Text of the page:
Unfortunately, most of us are bound to be plagued by allergies at some point in our lives (Rach didn't start being affected until she was 40!).
But according to Dr. Tania Elliott, allergist from NYU Langone Health and Chief Medical Officer at the preventive healthcare company EHE, there are ways to help prevent flare-ups.
"Prevention is the key," she says.
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TIP NO. 1: Protect Yourself From Outdoor Mold
The first step in protecting yourself against outdoor mold is being able to identify it.
"Everybody thinks about mold being an indoor allergen," Dr. Tania explains. "But no, outdoor mold spores cause asthma attacks in the fall — and they're way more common than indoor mold spores."
How do you know outdoor mold when you see it? Take a look:
See those little brown specks? They may be a tell-tale sign, Dr. Tania advises.
So, when you're raking the leaves, Dr. Tania suggests wearing an N95 mask or nasal filters. (If you opt for the nasal filters, remember to breathe through your nose, not your mouth — or else you’ll be defeating the purpose!)
"It doesn't let anything in or out," she says of the mask. "Except for the air."
TIP NO. 2: Make a Sinus Rinse with Manuka Honey
Dr. Tania simply raves about Manuka honey, as she says it could protect you from infection.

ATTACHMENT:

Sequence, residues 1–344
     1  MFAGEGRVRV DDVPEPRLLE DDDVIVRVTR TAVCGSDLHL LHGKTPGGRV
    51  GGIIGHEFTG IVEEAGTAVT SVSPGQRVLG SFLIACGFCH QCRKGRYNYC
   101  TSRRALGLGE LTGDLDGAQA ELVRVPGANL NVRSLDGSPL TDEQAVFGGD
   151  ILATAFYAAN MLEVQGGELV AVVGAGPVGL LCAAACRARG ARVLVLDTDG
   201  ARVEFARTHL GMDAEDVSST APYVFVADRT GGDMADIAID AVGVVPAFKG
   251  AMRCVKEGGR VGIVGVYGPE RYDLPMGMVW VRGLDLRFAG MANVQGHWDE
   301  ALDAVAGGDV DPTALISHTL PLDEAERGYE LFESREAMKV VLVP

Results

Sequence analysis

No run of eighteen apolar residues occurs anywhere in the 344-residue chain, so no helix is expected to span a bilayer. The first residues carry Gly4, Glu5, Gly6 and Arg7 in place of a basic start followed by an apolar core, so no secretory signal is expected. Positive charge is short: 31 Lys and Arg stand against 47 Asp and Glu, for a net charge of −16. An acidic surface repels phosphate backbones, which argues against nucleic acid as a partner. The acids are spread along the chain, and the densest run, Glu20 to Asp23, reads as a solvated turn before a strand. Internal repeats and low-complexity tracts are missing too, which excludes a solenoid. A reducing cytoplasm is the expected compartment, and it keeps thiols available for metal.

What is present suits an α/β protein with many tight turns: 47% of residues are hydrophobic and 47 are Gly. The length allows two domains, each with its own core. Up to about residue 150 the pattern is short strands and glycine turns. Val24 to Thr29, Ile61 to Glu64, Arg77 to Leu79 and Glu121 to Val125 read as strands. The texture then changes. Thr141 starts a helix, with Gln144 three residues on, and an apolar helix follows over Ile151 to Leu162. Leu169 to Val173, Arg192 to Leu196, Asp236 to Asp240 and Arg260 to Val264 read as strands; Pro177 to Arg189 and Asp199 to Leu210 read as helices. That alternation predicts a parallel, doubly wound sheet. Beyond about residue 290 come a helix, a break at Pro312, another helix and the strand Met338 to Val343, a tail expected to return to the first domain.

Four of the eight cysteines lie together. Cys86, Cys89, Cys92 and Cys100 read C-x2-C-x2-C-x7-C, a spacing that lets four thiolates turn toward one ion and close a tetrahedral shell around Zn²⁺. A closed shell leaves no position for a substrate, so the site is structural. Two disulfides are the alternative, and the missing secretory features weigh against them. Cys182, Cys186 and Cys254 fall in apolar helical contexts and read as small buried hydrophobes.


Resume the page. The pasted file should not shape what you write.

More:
But how does it help prevent allergy attacks, you ask?
"You can add it to sinus rinses to sterilize your nasal passages and prevent any bacteria from growing in there," she says.
Pro tip from the doc: For the real thing, you want to make sure the label says Unique Manuka Factor 10+.
Dr. Tania suggests using the rinse mixture twice a day. Watch the video above to see her actually make it!
TIP NO. 3: Try Eating Foods High in Quercetin
Don't know what quercetin is? Neither did we!
Allow Dr. Tania to explain:
"It prevents the release of histamine," she explains. "And histamine is that nasty chemical that causes the congestion, the itching, the sneezing."
Now, while there's the option of taking a quercetin supplement, Dr. Tania recommends getting your fill by eating the right foods.
Yummy fruits and veggies, particularly blueberries and onions, contain high amounts of quercetin, so eat up during peak allergy season!
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TIP NO. 4: Avoid Candles
This one makes us a little sad — because we love a cozy, candlelit winter night — but what the doc says, goes!
As it turns out, the soot that lit candles blow into the air could actually trigger allergies.
But hey, that's a perfect excuse to string the twinkle lights early instead!